Month: October 2015

Have fun de-stressing!

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Relaxation produces a quiet body and a calm mind. The physical and mental aspects of relaxation counteract the body’s stress response.  If you normally live with a high degree of tension, you are more likely to experience problems when additional stresses occur. You can lower your general level of tension by practicing regular relaxation techniques that help protect you from the ill-effects of stress.

Effective relaxation techniques practiced on a regular basis build your resilience. Practices such as meditation, breathing techniques, yoga, Tai Chi and Qi Gong have an extensively documented evidence-base of benefits.

Ideas of simple enjoyable activities to consider including in your daily and weekly schedule: 

  • Listen to some relaxing music
  • Get a regular massage
  • Learn about aromatherapy
  • Bake a cake with your family
  • Say good morning to your neighbours on the way to work
  • Get into gardening
  • Watch a good movie
  • Walk your dog every day or volunteer to walk a neighbour’s dog weekly
  • Read a good book
  • Play a regular sport
  • Phone a friend for no other reason than to say hello and check in on their wellbeing
  • Do some stretches while at work
  • Subscribe to a guided meditation app
  • Read your favourite magazine
  • Play a board game with a friend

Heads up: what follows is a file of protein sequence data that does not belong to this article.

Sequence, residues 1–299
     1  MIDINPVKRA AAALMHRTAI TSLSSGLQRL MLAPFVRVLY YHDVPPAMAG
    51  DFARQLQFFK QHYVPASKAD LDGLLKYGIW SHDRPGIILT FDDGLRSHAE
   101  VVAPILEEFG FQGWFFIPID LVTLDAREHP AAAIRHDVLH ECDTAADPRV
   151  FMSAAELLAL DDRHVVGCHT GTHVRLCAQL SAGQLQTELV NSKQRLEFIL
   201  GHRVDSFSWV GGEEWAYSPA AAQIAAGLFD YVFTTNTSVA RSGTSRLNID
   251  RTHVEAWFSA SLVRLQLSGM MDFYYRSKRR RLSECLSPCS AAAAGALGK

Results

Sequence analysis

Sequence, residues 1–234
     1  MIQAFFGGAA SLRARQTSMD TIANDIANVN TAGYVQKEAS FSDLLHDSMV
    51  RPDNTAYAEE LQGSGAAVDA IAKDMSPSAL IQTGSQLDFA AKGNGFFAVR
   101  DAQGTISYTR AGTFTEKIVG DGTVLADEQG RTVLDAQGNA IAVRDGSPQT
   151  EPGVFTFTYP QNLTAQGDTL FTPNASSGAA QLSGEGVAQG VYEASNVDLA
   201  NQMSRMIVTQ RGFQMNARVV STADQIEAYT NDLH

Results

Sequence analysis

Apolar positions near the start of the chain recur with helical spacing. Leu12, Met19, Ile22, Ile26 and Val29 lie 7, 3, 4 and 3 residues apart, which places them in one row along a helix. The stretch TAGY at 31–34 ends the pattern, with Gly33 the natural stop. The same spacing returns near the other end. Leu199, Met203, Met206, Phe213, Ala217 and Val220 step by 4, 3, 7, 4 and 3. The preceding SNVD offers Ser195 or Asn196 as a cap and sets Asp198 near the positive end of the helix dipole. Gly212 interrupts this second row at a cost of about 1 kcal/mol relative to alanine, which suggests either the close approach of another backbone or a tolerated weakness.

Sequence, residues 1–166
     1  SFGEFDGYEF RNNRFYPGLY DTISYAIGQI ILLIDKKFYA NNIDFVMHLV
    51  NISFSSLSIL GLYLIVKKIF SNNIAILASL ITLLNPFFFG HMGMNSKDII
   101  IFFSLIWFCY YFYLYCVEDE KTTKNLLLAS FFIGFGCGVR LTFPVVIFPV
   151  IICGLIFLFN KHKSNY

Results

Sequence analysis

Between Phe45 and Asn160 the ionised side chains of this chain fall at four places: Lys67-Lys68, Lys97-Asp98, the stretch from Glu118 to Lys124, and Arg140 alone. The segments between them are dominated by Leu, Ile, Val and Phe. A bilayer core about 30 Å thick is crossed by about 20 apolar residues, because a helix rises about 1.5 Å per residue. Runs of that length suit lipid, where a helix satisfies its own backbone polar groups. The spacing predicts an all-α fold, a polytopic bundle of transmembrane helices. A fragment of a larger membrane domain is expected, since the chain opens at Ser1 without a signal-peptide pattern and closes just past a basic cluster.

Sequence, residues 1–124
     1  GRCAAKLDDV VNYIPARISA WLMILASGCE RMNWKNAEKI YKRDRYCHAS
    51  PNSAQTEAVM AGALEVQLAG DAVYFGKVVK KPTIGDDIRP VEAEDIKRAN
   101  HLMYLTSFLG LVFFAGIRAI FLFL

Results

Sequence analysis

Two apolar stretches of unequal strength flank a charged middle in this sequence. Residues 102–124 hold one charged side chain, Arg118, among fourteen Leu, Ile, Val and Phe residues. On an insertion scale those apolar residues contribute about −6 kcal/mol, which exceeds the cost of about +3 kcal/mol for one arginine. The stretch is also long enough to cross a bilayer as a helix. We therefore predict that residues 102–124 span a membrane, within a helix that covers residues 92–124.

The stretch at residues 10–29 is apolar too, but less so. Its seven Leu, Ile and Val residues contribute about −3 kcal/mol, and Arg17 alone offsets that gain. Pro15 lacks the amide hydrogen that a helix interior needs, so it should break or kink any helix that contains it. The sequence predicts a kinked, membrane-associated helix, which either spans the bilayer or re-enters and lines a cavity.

• Take a regular walk in your neighbourhood through a park or by the water
  • Walk up a hill or climb a mountain and enjoy the view
  • Sing in the shower
  • Make sure you get enough sleep every night
  • Learn about the pressure points of the body and massage them
  • Get out of the office for lunch
  • Eat dinner at the table with friends and family with all entertainment devices switched off
  • Put a plant in your office
  • At the end of each day, write down 3 good things – keep a journal for 3 months
  • Buy a set of juggling balls and practice your juggling
  • Learn a muscle relaxation technique
  • Ring up a friend and initiate a fun activity
  • Stop and smell the roses!

Let us buy you a coffee to discuss where you are at with your wellbeing and resilience journey and how we might be able to collaborate – contact Fleur@blueberryinstitute.com  or 0404 559 244

Find the PDF for this blog on our home page

Emotional Intelligence and Resilience

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Every one of us has different challenges to meet and difficult situations to deal with both personally and professionally.  Resilient people are able to utilise their skills and strengths to cope and recover from problems and challenges. Resilience does not eliminate stress or erase life’s difficulties. What it does do is give people the strength to tackle problems head on, overcome adversity and move on with their lives.